Before we go on to examine how well the estimators work with superimposed trends, we test their accuracy on data generated from three basic short-range dependence models: independent white noise, AR(1) and ARFIMA(1,0,1). As figure 4a–c show, the Whittle estimator, GPH and DFA have the least bias. But it also has to be noted that all estimators have many outliers, suggesting that, given an individual time series, the estimates of d or H can be severely biased. The performance of higher-order DFA is very similar to DFA1 in the above test cases (not shown). These results are consistent with previous empirical studies .
Another important test is to see how the presence of trends affects the various estimators. Here, we consider three cases: (1) a linear trend superimposed by realizations of fGn, oLn, ARFIMA-G and ARFIMA-L; (2) a linear trend only in the second half of the time series superimposed by realizations of fGn, oLn, ARFIMA-G and ARFIMA-L; and (3) a linear trend in the variance. Cases 2 and 3 are motivated by climate change where the time series may (case 2) or may not (case 1) include the pre-industrial era, and where climate change also influences the frequency and the strength of fluctuations (e.g. storms; case 3). Based on the evidence gathered so far, it is reasonable to expect that this can lead to bias any LRD estimate.
For cases 1 and 2, we assume the magnitude of the linear trend to be 1. The empirical tests reveal that the GPH estimator is slightly biased for fGn, ARFIMA-G and ARFIMA-L, and has a relatively large negative bias for oLn (figure 5). DFA is least biased for fGn data, but has considerable bias for oLn, ARFIMA-G and ARFIMA-L (figure 5) generated data. Both ARFIMA-G and ARFIMA-L estimators have a large number of outliers. Both R/S and VB show qualitatively similar behaviour compared with GPH (not shown). Our results are qualitatively consistent with the study by Hu et al. .
Now, we examine how the estimators handle a trend in the variance (case 3). For this purpose, we use an AR(1) model with increasing variance: 4.1 Here, again, we generate 1000 realizations by sampling values for F from a uniform distribution U(0,2), using α∈U(−0.5,0.5) and σ∈U(0,1). For this case, DFA is the least biased, and GPH and R/S show considerable bias, while the VB estimators have a huge bias, although their estimates are very narrow (figure 4e).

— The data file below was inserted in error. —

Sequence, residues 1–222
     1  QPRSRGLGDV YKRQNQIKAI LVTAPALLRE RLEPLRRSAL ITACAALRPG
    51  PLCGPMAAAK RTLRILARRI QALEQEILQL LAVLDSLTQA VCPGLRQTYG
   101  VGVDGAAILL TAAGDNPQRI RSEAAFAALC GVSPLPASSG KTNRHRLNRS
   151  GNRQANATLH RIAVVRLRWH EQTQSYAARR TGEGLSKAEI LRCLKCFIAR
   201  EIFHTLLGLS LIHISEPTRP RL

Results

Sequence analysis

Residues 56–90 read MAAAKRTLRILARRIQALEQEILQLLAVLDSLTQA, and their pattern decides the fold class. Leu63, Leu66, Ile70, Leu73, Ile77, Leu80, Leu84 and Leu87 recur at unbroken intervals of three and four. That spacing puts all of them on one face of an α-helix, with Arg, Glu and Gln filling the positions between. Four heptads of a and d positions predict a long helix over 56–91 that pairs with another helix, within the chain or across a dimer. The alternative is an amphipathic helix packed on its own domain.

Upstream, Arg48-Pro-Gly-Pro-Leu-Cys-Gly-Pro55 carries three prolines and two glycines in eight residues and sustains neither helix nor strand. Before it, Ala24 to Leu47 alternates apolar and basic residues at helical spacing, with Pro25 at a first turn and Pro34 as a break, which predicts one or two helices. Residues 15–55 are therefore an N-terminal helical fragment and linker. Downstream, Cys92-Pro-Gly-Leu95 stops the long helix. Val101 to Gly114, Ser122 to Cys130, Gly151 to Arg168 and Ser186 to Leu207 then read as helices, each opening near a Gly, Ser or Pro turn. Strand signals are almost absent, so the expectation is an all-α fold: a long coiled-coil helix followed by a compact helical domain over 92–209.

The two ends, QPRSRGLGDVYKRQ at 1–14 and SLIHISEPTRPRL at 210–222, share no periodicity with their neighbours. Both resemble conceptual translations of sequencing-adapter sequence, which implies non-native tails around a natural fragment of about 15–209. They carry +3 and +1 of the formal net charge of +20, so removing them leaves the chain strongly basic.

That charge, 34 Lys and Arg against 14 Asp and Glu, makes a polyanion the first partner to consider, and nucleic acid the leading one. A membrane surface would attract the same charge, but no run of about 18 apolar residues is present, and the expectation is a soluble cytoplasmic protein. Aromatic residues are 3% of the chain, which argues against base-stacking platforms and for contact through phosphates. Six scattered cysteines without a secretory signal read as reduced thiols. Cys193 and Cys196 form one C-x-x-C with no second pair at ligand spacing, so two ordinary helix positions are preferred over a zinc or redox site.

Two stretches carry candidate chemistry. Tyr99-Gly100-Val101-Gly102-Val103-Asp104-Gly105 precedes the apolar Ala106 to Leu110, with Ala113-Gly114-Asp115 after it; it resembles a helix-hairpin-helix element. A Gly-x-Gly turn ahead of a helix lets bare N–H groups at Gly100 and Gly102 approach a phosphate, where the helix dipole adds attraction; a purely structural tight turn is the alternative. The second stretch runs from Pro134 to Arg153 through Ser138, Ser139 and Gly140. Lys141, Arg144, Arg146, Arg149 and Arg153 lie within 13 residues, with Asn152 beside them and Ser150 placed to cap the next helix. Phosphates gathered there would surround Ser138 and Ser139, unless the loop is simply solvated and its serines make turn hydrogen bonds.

(c) Correlated additive and multiplicative noise
Both LFSM and ARFIMA are additive noise models. In previous studies, it has been shown that multiplicative noise is important in natural systems [54,55]. This raises the question of what the effect of multiplicative noise would be on LRD estimators. To investigate, we use data generated from a process that has a so-called correlated additive and multiplicative (CAM) noise term. An example is the normal form for reduced climate models , which is given by the following stochastic differential equation (SDE): 4.2 As shown in Majda et al. , the PDF of equation (4.2) exhibits a power-law decay over a particular range, although its tail ultimately decays exponentially. We generate 1000 realizations by sampling random values for the SDE parameters from a uniform distribution while complying with the parameter relations as described in Majda et al. .
The GPH estimator is slightly biased towards positive values, while DFA and R/S have larger biases. Observe that the WL estimator (as well as both VB estimators (not shown)) estimates self-similar behaviour (figure 4f). While the PDF of equation (4.2) decays in a power-law-like way over a given range, it is not self-similar because its ultimate decay is exponential . This makes the estimates obtained by the WL and VB estimators questionable. Furthermore, R/S, DFA, GPH and the Whittle estimator again show an uncomfortably large number of outliers, again suggesting that the estimators may not be very reliable for this case, or that the signal is not characterized simply by H and d. We note that Kantelhardt et al.  have studied the performance of more general multi-fractal DFA methods, which were found to extract the full range of scaling exponents in a particular multi-fractal test case.
5. Natural time-series examples